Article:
Attention Deficit Hyperactivity Disorder (ADHD) and Autism spectrum disorder (ASD) are both neurodevelopment disorders that affect people with cerebral palsy. ADHD is the most common neurodevelopmental disorder reported in children with cerebral palsy.[1] Autism affects approximately 6.9 percent of children with cerebral palsy and 18.4 percent of children with non-spastic cerebral palsy.[2]

Individuals with ADHD demonstrate inattention, hyperactivity and impulsivity (usually all together)[1]. Since there are symptoms associated with having cerebral palsy that may appear similar to ADHD, it is vital that clinicians carefully evaluate the child with CP to determine if an ADHD diagnosis is warranted. For example, children may have the following difficulties which relate to cerebral palsy, but may be mistaken for ADHD symptoms:[1]

  • Problems with cognitive and executive function skills
  • Slower pacing to process information that presents as day dreaming or slower response times
  • Visual impairments which lead the child to turn their gaze away when being spoken to (this may actually be the child turning their head to listen rather than appearing to turn away)
  • Communication difficulties

Autism Spectrum Disorder (ASD) generally refers to a range of neurodevelopmental conditions that include difficulty with social skills, repetitive behaviors, speech and nonverbal communication.[1][3].In children who have cerebral palsy and seizure disorders, the frequency of autism is 41 percent[1]. This information however, is based on limited data gathered by the Centers for Disease Control and Prevention (CDC) as part of the Autism and Developmental Disabilities Monitoring Network (ADDM) and further research is needed.

The ADDM Network has been established by funding from Congress to gather population based information on 8-year-old children with ASD. There are three ADDM sites that also collect data on children with cerebral palsy because individuals with cerebral palsy also may present with an ASD diagnosis. Speak with your child’s pediatrician or healthcare team if you are concerned that your child may have symptoms of ASD.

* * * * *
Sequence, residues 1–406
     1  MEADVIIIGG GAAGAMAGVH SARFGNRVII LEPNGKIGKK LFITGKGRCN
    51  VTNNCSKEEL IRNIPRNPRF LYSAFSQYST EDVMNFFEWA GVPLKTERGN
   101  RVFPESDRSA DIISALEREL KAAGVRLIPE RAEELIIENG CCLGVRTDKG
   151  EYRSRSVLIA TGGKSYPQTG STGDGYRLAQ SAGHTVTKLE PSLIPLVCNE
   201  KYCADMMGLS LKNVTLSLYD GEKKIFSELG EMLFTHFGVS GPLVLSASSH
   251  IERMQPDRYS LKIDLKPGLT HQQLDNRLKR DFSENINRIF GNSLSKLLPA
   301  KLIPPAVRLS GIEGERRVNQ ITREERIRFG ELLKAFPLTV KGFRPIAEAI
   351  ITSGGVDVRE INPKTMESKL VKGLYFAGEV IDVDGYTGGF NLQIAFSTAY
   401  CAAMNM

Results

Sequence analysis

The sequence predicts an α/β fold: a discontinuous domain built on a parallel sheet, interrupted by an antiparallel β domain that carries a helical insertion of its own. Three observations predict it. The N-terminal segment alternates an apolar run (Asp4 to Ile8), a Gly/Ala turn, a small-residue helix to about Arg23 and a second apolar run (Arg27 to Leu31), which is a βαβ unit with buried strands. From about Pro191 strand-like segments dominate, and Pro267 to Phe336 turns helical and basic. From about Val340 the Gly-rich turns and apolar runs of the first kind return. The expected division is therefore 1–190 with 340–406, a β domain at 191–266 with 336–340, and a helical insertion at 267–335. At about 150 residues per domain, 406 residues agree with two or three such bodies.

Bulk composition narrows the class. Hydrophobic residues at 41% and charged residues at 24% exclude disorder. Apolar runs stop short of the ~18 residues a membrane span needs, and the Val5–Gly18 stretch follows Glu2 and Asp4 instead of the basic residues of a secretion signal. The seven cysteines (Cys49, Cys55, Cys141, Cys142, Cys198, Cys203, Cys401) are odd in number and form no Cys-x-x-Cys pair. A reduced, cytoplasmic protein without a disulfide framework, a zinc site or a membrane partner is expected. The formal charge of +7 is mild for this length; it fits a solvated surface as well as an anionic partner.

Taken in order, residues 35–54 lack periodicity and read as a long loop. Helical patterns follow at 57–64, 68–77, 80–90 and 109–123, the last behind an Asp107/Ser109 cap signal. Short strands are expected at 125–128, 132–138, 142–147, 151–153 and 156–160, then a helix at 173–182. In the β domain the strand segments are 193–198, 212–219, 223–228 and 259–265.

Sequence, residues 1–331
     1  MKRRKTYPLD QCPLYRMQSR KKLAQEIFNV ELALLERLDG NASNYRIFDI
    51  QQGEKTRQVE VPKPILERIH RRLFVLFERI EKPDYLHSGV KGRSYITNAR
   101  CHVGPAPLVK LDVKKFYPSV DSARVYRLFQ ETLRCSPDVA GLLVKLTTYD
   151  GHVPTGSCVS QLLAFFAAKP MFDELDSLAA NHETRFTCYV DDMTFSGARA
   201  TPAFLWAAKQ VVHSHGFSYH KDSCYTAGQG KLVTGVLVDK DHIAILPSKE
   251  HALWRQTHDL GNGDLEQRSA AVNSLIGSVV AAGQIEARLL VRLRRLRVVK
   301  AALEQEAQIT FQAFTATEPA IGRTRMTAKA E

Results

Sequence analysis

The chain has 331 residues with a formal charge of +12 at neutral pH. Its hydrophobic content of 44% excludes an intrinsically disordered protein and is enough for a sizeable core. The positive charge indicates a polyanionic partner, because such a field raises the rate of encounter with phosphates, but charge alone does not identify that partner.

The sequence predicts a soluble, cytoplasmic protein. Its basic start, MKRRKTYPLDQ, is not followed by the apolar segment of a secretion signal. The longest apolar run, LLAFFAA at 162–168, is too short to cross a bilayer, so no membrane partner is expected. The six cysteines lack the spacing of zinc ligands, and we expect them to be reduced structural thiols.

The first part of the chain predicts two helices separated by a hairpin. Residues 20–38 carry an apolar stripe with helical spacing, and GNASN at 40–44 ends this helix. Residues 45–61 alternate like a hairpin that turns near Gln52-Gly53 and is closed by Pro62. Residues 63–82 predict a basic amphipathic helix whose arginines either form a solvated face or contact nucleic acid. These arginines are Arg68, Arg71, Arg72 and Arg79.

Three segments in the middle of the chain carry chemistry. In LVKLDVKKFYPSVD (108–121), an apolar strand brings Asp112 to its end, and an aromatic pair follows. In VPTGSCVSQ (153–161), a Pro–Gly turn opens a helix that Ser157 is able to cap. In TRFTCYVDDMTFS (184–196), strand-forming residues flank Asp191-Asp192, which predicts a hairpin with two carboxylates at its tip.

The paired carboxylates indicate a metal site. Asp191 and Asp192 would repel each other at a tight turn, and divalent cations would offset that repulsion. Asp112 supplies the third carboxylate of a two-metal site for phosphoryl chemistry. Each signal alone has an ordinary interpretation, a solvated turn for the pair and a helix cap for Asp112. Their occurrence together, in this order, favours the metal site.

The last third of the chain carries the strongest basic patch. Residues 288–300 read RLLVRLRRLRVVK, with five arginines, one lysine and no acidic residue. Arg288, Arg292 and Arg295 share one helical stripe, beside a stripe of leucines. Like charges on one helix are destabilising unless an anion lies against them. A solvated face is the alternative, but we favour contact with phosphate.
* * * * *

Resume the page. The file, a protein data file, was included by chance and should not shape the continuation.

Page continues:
Speak with a member of your child’s healthcare team, particularly a developmental pediatrician, if you are concerned that your child with cerebral palsy may have autism or ADHD, or any other cerebral palsy co-condition. You are also welcome to join our MyCP discussion forum for peer support and educational information about having cerebral palsy and autism or cerebral palsy and ADHD.

For more information, download our free cerebral palsy tool kit.

References
  1. Glader, L. (2019). Children and youth with complex cerebral palsy: Care and management (p. 217-p. 218) (1399979700 1021047818 R. D. Stevenson, Author). London: Mac Keith Press. doi:https://www.mackeith.co.uk/shop/complex-cerebral-palsy-care-and-management/
  2. Autism Speaks. (n.d.). What is autism? Retrieved June 08, 2021, from https://www.autismspeaks.org/what-autism
  3. National Center on Birth Defects and Developmental Disabilities, Centers for Disease Control and Prevention. (2020, December 31). Prevalence of cerebral palsy, co-occurring autism spectrum disorders, and motor functioning. Retrieved June 08, 2021, from https://www.cdc.gov/ncbddd/cp/features/prevalence.html